The editorial categories are research topics that have guided researchers during the recovery phase and continue to be the impetus behind the Documents Project’s digital archive and the Critical Documents book series. Developed by the project’s Editorial Board, each of the teams analyzed this framework and adapted it to their local contexts in developing their research objectives and work plans during the Recovery Phase. Learn more on the Editorial Framework page.
Chilean artist Mario Toral speaks of his experiences when he arrived in New York as an exile in 1973, immediately after the coup d'état led by General Augusto Pinochet. He compares the squandering of North Americans, who throw everything away, with the pressing needs and thrift of the Chileans, who save and make full use of everything. He criticizes consumer society, which he associates with dissatisfaction and frustration. He goes on to talk about art from the United States, which, in his view, “is also afflicted with the disease and alienation of consumerism.” He describes North American art as narcissistic and says that [in the United States] there is a complete lack of interest in art from South America. He asserts that very few artists have stayed on in Chile after the overthrow of the constitutionally elected president Salvador Allende, and that few of those who have stayed cooperate with the dictatorial regime. Toral states that the events in his country affected him so much that his painting underwent a major change.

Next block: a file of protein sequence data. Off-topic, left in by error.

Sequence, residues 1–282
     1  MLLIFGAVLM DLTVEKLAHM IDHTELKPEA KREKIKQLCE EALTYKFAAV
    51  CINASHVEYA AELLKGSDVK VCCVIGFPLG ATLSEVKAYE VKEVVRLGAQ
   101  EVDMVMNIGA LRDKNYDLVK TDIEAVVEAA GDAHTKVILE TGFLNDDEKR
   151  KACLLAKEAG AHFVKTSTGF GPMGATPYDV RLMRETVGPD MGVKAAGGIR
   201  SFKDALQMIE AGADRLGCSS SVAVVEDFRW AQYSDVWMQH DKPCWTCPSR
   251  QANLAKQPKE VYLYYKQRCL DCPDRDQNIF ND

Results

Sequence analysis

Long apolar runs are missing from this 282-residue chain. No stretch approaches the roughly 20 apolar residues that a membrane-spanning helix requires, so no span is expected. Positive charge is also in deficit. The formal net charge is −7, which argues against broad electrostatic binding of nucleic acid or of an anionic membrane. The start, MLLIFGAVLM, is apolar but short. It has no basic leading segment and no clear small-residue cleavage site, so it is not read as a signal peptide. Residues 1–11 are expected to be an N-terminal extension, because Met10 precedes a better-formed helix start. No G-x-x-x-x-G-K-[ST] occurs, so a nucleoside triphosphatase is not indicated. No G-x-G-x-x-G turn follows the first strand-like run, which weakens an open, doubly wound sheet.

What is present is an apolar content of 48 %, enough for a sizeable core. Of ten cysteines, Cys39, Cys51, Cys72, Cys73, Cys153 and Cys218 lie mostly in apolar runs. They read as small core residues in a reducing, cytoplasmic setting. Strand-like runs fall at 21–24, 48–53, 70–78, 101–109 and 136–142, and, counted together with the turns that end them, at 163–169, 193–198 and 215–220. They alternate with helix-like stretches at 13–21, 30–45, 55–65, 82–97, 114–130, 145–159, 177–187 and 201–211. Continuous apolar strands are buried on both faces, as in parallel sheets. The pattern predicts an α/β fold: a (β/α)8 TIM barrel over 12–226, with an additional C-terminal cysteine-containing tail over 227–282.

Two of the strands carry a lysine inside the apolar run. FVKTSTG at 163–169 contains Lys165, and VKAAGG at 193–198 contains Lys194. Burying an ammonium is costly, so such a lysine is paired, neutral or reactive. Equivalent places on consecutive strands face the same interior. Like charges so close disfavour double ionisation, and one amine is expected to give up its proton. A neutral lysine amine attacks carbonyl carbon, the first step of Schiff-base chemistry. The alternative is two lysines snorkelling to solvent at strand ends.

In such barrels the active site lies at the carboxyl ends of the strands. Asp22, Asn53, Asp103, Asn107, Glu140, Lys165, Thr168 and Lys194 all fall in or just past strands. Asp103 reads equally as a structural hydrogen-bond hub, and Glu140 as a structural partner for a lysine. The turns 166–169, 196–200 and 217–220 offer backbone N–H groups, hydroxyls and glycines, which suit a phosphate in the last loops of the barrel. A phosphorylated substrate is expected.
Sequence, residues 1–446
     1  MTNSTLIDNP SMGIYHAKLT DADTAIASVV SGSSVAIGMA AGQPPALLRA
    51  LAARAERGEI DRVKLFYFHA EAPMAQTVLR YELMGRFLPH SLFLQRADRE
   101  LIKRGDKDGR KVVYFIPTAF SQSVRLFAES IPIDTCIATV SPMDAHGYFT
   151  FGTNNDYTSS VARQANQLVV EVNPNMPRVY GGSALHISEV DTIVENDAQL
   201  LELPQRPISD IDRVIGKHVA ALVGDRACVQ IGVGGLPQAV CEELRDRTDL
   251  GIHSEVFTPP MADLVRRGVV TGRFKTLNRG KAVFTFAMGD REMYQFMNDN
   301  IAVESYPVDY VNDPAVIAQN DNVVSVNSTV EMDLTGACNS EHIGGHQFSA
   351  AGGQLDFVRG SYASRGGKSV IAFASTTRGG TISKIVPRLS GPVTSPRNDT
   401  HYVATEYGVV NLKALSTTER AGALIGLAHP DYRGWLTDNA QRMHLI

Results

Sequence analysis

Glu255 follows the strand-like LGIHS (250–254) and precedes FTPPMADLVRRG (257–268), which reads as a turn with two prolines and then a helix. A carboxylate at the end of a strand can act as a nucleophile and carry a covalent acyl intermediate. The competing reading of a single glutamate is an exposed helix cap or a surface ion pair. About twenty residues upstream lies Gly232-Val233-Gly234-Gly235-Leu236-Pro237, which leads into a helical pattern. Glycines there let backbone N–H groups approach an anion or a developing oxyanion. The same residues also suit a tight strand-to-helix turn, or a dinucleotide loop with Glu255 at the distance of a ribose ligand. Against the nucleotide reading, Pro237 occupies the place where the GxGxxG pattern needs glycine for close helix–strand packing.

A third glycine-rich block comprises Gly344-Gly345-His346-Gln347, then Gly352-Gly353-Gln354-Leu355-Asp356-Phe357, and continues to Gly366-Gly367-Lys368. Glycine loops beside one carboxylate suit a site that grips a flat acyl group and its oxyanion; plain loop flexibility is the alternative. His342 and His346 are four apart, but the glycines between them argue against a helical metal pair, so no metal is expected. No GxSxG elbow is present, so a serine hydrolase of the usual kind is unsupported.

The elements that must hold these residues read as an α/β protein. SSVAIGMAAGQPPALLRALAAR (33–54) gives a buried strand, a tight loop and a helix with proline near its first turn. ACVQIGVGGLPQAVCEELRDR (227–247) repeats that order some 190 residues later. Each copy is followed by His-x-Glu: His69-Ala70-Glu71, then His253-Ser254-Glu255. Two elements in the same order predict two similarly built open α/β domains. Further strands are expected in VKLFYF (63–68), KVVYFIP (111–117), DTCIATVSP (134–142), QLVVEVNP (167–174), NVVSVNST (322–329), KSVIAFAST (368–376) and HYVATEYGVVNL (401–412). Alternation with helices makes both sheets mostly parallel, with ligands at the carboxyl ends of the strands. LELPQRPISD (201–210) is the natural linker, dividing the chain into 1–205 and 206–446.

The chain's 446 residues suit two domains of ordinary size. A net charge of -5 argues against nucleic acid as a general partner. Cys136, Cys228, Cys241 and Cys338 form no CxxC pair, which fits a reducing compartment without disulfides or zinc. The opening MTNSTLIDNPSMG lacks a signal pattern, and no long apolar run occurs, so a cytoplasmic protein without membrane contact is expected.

In this text, Mario Toral remarks that before giving this lecture, Puerto Rican artist Lorenzo Homar introduced him; he also mentions the city of Havana, the place where the symposium took place. This information suggests that this lecture was given at the Tercer Encuentro de Artistas Plásticos Latinoamericanos [Third Encounter of Latin American Visual Artists] (1979) held in Havana, Cuba.